I’m pretty sure I could name Steven McLean here and you’d all know exactly the incident I mean. How one referee, one assistant referee, and one goalline referee can all miss a blatantly obvious hand ball is a question no one ever wants to answer. One of them may have been unsighted? Two – well we’ll argue that one. But the referee – the most important of the three – could see it clear as day.
However, I’m not going to name that as the WTF moment of the season. I’ve seen too many dodgy decisions from referees over the years to ever say WTF about them. We know they’re dodgy, we’ll argue over whether they’re biased or incompetent, and nothing will ever change while the SFA suits insist on protecting them. Until that changes, we just need to be good enough to ensure that “honest mistakes” can’t spoil our day.
Although I’d be remiss not to mention some other SFA highlights of the season. Alexander Tonev being branded a racist on the “balance of probability” – the only time that’s been used in Scotland before or since. Odd considering several players, who on the “balance of probability” did commit an offense, were let off with a “not proven” verdict. Kris Boyd and Nadir Ciftci to name but two.
The SFA’s fit and proper process has recently proven to be laughable too since a convicted tax criminal who was part of a liquidated club’s board is apparently fine. But we shouldn’t really be surprised given the SFA president is a man whose hands are ridiculously dirty from the EBT scandal at Rangers – for which they were found guilty remember. That Stewart Regan can come out and criticise the FIFA President for, as yet unproven, corruption at the governing body is frankly laughable when he reports to the guilty himself.
But no, I’m going to go for a non-SFA related WTF moment that happened way back in July. The Bartosz Bereszynski substitution.
With Celtic Park out of commission due to the Commonwealth Games, Celtic were playing “home” Champions League qualifiers at Murrayfield. We’d already knocked out KR Reykjavik with some ease – at least in the “home” leg – but by the time Legia Warsaw arrived at Murrayfield they were in the box seat after a 4-1 win in Warsaw. On the park, Celtic were deservedly beaten 2-0 in the second leg in a game best erased from history.
Which is good, because that’s exactly what happened.
With the game long finished, and just a couple of minutes left on the clock, Legia brought on Bereszynski for his first taste of European football that season. He had been given a three game ban after being sent off in Legia’s last game of the 2013/14 Europa League group stage against Apollon Limassol.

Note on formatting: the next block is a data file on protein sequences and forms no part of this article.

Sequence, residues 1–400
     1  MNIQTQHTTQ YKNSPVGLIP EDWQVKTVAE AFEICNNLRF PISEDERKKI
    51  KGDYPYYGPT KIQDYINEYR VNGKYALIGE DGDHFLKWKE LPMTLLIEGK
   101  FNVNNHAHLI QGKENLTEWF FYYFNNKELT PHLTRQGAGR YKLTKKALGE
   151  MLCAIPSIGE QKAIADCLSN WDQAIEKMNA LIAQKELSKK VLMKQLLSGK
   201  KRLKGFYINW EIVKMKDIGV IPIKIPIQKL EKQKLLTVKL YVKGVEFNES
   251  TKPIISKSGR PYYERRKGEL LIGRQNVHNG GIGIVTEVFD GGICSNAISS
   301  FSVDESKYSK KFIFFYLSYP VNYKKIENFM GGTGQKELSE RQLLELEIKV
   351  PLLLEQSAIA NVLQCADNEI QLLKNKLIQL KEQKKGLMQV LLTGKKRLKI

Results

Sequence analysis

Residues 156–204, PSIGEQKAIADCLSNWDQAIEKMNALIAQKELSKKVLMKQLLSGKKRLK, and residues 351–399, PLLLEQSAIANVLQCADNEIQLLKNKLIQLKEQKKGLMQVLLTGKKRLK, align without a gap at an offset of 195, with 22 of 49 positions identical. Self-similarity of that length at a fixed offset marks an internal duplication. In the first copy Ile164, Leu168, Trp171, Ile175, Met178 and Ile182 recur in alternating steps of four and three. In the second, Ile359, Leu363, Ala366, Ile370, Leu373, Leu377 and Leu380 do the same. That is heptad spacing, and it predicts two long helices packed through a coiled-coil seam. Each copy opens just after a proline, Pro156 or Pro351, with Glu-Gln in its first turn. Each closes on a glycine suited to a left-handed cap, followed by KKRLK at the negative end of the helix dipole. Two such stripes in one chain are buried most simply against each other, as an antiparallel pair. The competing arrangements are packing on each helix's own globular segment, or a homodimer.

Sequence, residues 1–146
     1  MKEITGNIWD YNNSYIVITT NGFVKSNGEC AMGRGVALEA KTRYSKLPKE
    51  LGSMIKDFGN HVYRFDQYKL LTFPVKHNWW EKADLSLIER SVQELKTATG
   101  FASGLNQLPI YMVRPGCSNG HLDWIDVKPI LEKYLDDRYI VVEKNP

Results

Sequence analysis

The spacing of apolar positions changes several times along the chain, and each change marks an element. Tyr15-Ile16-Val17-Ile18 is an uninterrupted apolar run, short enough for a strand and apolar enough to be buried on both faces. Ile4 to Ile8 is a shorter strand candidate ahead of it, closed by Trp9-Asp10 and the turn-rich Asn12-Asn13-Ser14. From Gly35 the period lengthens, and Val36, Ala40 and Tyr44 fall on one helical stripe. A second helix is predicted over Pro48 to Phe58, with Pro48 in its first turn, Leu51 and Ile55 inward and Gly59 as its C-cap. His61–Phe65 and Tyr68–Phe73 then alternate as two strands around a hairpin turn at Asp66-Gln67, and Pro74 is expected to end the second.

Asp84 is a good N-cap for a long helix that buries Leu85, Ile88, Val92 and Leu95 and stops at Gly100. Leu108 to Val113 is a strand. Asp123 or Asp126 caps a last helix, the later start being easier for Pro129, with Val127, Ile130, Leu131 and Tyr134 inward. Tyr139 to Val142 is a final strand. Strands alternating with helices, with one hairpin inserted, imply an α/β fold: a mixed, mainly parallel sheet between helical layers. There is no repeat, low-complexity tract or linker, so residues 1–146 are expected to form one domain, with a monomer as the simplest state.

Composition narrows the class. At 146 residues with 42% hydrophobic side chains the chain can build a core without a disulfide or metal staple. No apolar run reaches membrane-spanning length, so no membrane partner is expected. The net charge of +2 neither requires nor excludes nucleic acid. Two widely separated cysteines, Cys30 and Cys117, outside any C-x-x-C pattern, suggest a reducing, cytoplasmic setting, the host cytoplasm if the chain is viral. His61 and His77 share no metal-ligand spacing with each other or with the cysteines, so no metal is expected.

However, because Legia had not registered Bartosz for their previous round of games against St Patrick’s Athletic, UEFA’s rules clearly stated that he had not served that ban in those games. As such, Bereszynski had only served one of his three games in the first leg against Celtic, and was still suspended when he came on at Murrayfield.
UEFA, after being alerted to this error, awarded the second leg to Celtic with the standard 3-0 win. Celtic therefore progressed to the playoff round on away goals, 4-4 on aggregate.
Which, of course, lead to mass outrage and complaints of how clearly Legia has won on the park. “Let Football Win” was the cry, ignoring that the rules were clear and that football has to be played within its rules. UEFA rejected the appeal that followed, and eventually so did the Court of Arbitration for Sport. Legia had rightly forfeited the second leg, and all the moaning about it would do nothing.
Of course, Celtic went on to lose to Maribor in the final qualifier anyway, so that just annoyed us further. But the clerical error will join the FC Sion transfer ban of 2012 in the annals of farcical history.
The Golden Boot
Previous winners: 2011 – Kris Commons; 2012 – Gary Hooper; 2013 – Gary Hooper. 2014 – Kris Commons.
With the change in manager, there’s been a change in the way we play. As such, the goals have been shared among the team a lot more. Nothing quite illustrates that better than the fact that Virgil Van Dijk has ten goals from his 58 appearances this season! Indeed, he’s one of only five players to have hit double figures this season, with the others being Stefan Johansen on thirteen, John Guidetti on fifteen, Kris Commons on sixteen, and Leigh Griffiths on twenty.
That’s Kris Commons up to 82 goals for Celtic now, so he’ll need to up it next season if he’s to reach the century mark last reached by John Hartson. That’s assuming Commons gets to feature as much of course, which is by no means certain. He has, however, passed Anthony Stokes whose eight goals this season have taken him up to 76. But then Stokes hasn’t featured much as a striker under Ronny Deila, having been deployed wide more often. He has, however, managed seven assists this season which is second only to Commons’ eight.